Blueberry Festival

Blueberry Desserts

A typical selection of desserts from which to choose at the Blueberry Festival.

Wild or lowbush blueberries are widely grown in Nova Scotia, to the point that the lowbush blueberry has been selected as Nova Scotia’s provincial fruit. Antigonish, Pictou  and Guysborough counties are very productive blueberry growing areas in Nova Scotia.

The export industry of blueberries in northeastern Nova Scotia dates back to at least 1933 when the Tor Bay Canning Company Ltd. began canning blueberries and salt fish.  In 1954, a subsidiary of the Tor Bay Company began freezing blueberries in Whitehead, Guysborough County.

Blueberry Closeup

Lowbush “wild” blueberries ready to be harvested

In the 1950’s, a number of enterprises began buying up abandoned farm land for the purpose of growing blueberries.  The industry expanded in the 60’s and has not looked back.  Today, there are approximately 1100 blueberry growers in NS, with 40,000 acres in production. Wild blueberries are the number one fruit crop in acreage, export sales  and value in Nova Scotia.

As this industry is so important to the area around Lochaber, it was decided by the Lochaber Community Development Association to have a blueberry festival to showcase the industry and bring area people together, and generate revenue for the LCDA.  The festival is held in late August of each year during the harvesting season.  Each year there are blueberry desserts, pies, etc. for sale to the public as well as door prizes and a 50/50 draw.  The event is being expanded to include entertainment.  This  event is completely organized and run by volunteers from the area, and the desserts are made locally.  The Festival is held at the new Lochaber Community Centre and is expected to draw more and more interested people to Lochaber.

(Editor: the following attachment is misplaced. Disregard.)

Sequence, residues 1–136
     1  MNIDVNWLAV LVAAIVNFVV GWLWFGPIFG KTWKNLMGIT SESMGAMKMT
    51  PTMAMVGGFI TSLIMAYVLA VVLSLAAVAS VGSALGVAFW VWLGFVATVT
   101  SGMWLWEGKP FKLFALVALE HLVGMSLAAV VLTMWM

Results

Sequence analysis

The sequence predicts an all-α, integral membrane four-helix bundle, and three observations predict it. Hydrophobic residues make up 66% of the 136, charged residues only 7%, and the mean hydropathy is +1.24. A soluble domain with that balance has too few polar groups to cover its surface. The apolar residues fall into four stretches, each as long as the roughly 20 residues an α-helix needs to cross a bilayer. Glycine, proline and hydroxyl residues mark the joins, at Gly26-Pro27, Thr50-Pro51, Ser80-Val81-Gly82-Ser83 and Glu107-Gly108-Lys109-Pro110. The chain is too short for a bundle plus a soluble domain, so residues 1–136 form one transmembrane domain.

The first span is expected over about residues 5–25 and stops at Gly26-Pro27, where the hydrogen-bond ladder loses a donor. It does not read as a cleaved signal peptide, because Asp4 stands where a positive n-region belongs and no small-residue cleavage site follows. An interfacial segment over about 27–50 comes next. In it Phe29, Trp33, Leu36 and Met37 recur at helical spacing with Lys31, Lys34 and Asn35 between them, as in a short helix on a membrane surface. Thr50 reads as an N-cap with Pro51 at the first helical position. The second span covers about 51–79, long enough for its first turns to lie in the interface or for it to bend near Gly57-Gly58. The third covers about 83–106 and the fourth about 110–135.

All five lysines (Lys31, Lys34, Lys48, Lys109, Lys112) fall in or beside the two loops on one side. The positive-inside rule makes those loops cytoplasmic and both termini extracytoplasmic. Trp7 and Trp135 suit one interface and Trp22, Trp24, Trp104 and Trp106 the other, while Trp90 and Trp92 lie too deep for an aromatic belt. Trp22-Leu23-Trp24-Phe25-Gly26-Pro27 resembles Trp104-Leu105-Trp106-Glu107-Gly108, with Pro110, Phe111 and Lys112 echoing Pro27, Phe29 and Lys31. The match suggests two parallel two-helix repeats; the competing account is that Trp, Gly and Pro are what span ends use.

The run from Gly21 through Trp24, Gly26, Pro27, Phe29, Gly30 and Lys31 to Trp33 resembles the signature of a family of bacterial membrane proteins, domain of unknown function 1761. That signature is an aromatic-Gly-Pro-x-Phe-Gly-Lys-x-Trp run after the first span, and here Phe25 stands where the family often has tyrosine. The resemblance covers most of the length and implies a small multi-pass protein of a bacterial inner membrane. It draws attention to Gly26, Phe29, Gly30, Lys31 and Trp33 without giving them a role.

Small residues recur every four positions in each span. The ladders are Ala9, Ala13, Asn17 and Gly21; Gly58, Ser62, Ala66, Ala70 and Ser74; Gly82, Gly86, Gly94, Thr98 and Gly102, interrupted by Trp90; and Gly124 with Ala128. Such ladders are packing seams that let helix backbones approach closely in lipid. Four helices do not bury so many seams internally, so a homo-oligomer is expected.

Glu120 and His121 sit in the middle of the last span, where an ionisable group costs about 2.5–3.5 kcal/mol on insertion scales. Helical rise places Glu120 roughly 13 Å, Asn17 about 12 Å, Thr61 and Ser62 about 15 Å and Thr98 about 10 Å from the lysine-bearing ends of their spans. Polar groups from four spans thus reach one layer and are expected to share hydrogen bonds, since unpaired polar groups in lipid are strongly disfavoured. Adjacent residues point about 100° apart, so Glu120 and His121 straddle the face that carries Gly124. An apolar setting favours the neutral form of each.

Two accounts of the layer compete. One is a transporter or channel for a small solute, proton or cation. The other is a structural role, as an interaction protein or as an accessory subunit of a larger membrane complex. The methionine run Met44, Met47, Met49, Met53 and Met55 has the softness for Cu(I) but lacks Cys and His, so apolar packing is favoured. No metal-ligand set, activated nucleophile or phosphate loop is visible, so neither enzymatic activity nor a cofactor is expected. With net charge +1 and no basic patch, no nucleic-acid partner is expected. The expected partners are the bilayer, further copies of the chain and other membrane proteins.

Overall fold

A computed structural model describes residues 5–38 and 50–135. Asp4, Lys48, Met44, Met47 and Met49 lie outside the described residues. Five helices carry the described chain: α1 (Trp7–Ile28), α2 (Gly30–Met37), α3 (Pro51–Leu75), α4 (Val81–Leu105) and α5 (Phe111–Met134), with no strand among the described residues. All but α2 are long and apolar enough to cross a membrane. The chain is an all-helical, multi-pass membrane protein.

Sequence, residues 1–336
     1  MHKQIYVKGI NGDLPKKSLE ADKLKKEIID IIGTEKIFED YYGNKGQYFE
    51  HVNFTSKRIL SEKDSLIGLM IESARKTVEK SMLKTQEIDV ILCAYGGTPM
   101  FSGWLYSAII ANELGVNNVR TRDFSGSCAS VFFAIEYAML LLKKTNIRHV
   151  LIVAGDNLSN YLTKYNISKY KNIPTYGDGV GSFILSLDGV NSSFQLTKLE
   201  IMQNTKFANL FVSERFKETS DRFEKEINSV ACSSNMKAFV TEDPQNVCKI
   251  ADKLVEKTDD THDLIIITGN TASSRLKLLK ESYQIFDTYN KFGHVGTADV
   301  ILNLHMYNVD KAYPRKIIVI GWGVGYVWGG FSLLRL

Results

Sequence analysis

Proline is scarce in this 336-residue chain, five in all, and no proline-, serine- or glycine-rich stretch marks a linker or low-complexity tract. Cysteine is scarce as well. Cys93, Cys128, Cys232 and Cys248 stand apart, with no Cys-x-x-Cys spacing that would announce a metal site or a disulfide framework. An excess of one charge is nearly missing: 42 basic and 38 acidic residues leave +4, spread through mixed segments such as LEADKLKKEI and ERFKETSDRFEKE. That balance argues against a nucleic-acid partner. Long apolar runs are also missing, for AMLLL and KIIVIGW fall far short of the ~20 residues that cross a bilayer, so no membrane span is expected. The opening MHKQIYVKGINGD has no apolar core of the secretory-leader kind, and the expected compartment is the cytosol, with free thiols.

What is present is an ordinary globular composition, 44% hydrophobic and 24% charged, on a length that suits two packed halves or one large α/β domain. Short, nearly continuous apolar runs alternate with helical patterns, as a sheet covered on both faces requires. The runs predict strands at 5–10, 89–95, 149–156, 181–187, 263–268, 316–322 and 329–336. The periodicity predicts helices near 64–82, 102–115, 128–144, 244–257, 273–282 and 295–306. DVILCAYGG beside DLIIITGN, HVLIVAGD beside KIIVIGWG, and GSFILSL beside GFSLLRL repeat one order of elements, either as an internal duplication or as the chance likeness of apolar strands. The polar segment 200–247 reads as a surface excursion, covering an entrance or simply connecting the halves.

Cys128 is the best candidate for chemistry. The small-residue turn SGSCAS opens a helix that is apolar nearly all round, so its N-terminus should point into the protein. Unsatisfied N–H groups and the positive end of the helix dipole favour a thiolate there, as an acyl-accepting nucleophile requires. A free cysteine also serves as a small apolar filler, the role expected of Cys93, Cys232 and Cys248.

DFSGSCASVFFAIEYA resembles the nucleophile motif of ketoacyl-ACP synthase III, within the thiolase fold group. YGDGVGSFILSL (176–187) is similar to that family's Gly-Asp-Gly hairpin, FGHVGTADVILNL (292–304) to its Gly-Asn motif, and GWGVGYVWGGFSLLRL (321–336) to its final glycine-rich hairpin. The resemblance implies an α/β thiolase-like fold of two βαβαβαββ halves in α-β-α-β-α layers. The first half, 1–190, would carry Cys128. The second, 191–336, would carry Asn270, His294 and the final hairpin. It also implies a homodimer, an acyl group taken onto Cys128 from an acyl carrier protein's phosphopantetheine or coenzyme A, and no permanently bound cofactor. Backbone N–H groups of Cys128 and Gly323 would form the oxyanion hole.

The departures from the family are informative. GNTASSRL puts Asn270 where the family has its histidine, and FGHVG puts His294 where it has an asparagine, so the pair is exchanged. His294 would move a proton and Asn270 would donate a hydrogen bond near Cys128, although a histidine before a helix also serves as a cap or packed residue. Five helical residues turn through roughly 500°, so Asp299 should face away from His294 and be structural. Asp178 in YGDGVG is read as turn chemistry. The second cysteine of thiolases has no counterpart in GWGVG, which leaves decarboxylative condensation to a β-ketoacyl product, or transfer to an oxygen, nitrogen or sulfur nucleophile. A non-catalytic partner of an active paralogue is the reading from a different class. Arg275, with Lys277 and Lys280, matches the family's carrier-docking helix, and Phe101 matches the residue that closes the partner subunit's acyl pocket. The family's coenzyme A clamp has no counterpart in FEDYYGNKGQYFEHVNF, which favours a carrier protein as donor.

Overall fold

Harvesting Blueberries

Tractor mounted harvesters have largely replaced hand raking the berries.

Please watch for notices in July & August for the date of this year’s festival.  Bring a friend. everybody is welcome.